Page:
Speaking to My Father in a Dead Dialect

Jun 27, 2014 939

by Joseph Luzzi

The 18th-century Italian philosopher Giambattista Vico believed that as a civilization progressed, it lost touch with its creative origins. An ancient warrior would never declare "I'm angry"; he would wax metaphorical with "my blood boils."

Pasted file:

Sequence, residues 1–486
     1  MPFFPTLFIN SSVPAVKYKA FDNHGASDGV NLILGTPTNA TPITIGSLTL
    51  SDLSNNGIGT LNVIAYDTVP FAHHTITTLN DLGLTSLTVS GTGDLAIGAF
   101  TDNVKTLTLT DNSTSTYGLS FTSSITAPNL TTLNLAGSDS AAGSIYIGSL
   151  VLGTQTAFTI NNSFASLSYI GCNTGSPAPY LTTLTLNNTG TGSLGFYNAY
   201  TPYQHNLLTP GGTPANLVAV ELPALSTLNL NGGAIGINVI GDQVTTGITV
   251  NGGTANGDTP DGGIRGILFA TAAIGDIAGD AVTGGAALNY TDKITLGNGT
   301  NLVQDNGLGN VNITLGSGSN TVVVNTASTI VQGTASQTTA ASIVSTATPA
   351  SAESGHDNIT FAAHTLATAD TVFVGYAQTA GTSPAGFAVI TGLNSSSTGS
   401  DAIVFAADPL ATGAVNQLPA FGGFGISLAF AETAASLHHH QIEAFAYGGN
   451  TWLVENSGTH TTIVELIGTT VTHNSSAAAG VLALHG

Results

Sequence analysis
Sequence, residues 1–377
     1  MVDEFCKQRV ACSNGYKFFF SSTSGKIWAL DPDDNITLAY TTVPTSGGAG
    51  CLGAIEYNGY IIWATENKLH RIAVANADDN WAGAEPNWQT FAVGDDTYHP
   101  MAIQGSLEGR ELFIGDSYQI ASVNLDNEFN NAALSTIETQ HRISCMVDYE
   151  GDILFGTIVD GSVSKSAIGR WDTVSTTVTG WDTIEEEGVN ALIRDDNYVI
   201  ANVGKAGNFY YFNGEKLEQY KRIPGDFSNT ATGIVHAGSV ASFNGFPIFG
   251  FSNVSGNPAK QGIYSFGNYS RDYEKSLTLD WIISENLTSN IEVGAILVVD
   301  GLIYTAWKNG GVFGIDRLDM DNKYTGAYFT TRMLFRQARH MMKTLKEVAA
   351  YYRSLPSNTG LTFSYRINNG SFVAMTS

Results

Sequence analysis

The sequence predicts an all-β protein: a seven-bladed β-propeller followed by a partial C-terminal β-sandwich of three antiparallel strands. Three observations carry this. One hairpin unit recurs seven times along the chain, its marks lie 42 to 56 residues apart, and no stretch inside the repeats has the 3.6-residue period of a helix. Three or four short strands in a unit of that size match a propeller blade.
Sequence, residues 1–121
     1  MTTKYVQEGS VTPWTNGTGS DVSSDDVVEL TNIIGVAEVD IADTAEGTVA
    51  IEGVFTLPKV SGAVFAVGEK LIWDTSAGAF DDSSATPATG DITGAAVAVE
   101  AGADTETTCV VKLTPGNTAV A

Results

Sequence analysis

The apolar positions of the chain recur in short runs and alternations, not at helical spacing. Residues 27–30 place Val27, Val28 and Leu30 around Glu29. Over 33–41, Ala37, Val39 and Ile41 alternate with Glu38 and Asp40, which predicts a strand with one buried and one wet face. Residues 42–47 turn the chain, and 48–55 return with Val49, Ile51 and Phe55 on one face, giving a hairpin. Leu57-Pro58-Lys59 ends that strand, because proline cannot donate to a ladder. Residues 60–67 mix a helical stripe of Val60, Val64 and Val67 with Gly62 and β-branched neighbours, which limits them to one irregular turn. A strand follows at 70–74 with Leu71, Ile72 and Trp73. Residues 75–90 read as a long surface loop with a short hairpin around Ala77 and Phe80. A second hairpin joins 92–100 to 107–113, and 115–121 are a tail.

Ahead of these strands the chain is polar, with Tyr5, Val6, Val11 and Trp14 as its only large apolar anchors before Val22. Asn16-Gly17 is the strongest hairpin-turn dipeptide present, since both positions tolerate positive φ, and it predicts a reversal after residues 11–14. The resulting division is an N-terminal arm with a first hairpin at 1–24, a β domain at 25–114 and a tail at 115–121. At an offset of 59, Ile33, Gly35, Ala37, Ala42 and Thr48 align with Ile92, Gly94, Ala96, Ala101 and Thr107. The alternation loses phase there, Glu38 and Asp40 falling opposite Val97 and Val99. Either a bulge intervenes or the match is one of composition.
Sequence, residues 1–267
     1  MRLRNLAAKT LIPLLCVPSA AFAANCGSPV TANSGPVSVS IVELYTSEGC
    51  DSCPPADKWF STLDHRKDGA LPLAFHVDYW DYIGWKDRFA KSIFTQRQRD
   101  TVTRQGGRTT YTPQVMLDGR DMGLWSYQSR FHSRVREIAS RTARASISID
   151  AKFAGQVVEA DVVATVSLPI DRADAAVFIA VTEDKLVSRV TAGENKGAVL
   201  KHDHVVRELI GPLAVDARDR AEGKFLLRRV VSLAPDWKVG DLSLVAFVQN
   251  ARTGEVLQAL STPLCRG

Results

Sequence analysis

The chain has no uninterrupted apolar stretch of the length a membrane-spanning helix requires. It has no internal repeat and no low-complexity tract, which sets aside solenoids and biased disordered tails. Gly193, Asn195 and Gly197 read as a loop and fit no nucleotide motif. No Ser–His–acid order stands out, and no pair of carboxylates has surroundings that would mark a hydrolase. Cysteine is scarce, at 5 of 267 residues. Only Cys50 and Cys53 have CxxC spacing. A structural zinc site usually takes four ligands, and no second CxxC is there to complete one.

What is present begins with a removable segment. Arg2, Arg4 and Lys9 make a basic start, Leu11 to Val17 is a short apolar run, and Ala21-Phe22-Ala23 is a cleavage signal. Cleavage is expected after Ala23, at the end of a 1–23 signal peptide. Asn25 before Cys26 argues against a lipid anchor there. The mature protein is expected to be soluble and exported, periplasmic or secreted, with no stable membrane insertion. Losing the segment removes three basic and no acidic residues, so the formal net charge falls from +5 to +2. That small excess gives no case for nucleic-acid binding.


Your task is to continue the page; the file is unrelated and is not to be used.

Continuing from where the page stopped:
The Roman poet Horace went a step further, believing that when words died they took memories with them. Just as forests change their leaves each year, so, too, do words: new languages "bloom and thrive" but only after "the old race dies."

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Source: http://opinionator.blogs.nytimes.com/

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